Ukrainian pastor Yan Gutarov woke up around 3 a.m. on Feb. 24. He couldn't go back to sleep, so he began to pray.
At 4:30 a.m., he heard an explosion and he wondered if there had been a gas leak in his neighborhood in the city of Odessa. But another explosion followed, shaking his house. Then he realized the unthinkable had happened: Russian warplanes were bombing his city.
"Six weeks ago we heard that the Russians might invade, but we didn't believe it," Pastor Gutarov told me this week on a Zoom call. He has led the Church of God Odessa, a congregation of 180 people, since it began six years ago. Today, half of his church members have fled for safety in Moldova or Romania, and he and his family traveled to Germany to live temporarily.
Last Sunday, members of Gutarov's church who stayed in Odessa met for prayer and worship, and a leader who stayed behind preached. "Some of our church members don't want to leave," Gutarov said. "They don't know where to go. There is one widow with four children who says she can't go. She has to stay and take care of her small farm with animals."
This is the reality for so many Ukrainian Christians right now. Some have made the difficult trek to the borders of Poland, Moldova or Romania to escape—and in many cases they have had to stand in line for two or three days to find safety. Others have opted to stay home. And many of the younger men (and some women), inspired by the courage of Ukraine's President Volodymyr Zelinsky, have taken up arms to defend their country against the invaders.
"Pastor Yan is always on the phone with our church members," says associate pastor Anatoliy Ulyzko, a 46-year-old father of three children who sought shelter in Germany with his pastor. He is helping to coordinate a relief effort to provide funds for food and medicines for those back home, as well as church members who have fled the conflict.
The war in Ukraine is a nightmare of bomb attacks coming from all directions. And yet Ukrainian church leaders like Gutarov and Ulyzko are remarkably positive and full of faith.
"This war will lead to the end of communism," Ulyzko told me with confidence. He believes Russian President Vladimir Putin's brazen attack on Ukraine will end up isolating him and bringing worldwide condemnation of Soviet-style dictatorship. This is how many Ukrainian believers are praying. They believe freedom will prevail over totalitarianism.
"Christians from Ukraine took the gospel to the nations," Ulyzko says. "We have been like seeds, and we will see the fruit of this. We will continue to preach the gospel and we will see spiritual revival all over Europe."
Pastor Gutarov also believes the old, repressive Soviet system is still ingrained in many Russian people, even those who belong to the Russian Orthodox Church. He notes that many Orthodox people don't like evangelical Christians, so they try to hinder the spreading of the gospel. But he also knows there are Christians in Russia who love Jesus, hate communism and care deeply for the Ukrainian people.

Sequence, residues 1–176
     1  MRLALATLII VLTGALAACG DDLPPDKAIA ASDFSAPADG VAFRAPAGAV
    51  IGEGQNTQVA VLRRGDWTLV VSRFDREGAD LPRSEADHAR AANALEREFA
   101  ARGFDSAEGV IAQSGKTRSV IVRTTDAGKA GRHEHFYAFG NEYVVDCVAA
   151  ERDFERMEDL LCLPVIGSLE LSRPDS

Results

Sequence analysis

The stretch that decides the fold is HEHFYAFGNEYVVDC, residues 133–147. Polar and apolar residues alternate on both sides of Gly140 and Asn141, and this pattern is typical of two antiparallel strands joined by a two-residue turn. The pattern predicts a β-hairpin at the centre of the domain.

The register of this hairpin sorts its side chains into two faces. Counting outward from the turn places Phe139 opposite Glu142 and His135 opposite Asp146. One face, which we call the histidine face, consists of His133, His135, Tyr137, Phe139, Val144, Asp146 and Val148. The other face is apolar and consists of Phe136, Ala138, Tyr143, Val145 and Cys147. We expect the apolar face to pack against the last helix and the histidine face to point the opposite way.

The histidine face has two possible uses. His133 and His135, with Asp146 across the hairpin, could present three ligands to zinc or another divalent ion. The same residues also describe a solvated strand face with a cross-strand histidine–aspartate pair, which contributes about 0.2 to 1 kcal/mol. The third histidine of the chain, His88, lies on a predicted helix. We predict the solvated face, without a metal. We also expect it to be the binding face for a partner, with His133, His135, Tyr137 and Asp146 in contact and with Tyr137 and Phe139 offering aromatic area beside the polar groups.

"I have many Russian friends who are pastors in Russia," he adds. "Right now they are afraid because they cannot speak the truth about what Putin is doing. They live in a totalitarian system. But Ukraine is a country of free people, and we enjoy the freedom of speech and the freedom of religion."
When I asked the two pastors about their greatest needs, both of them asked that American believers send funds to help the Ukrainian people—both refugees living in camps and temporary housing in other nations, and those who have chosen to say behind to face rocket attacks, gunfire and empty store shelves. All money collected will be used for temporary housing, food, medicines and supplies.
"We want this conflict to end quickly," Pastor Gutarov told me. "But even if it ends tomorrow, we face a humanitarian catastrophe that could last for a year because of the damage done to our cities."
There are many American churches and ministries sending funds to the front lines of the Ukrainian conflict. You can send tax-deductible donations to The Springs Church of Jacksonville, Florida (tscjax.com), Christian Life Worship Center in Chicago (cwclife.com) or Vision Church of Jacksonville (visionchurchjax.org). To give directly to the Church of God Odessa's relief efforts, go to rabbonislove.org.
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J. Lee Grady was editor of Charisma for 11 years before he launched into full-time ministry in 2010. Today he directs The Mordecai Project, a Christian charitable organization that is taking the healing of Jesus to women and girls who suffer abuse and cultural oppression. Author of several books including 10 Lies the Church Tells Women, he has just released his newest book, Set My Heart on Fire, from Charisma House. You can follow him on Twitter at @LeeGrady or go to his website, themordecaiproject.org.
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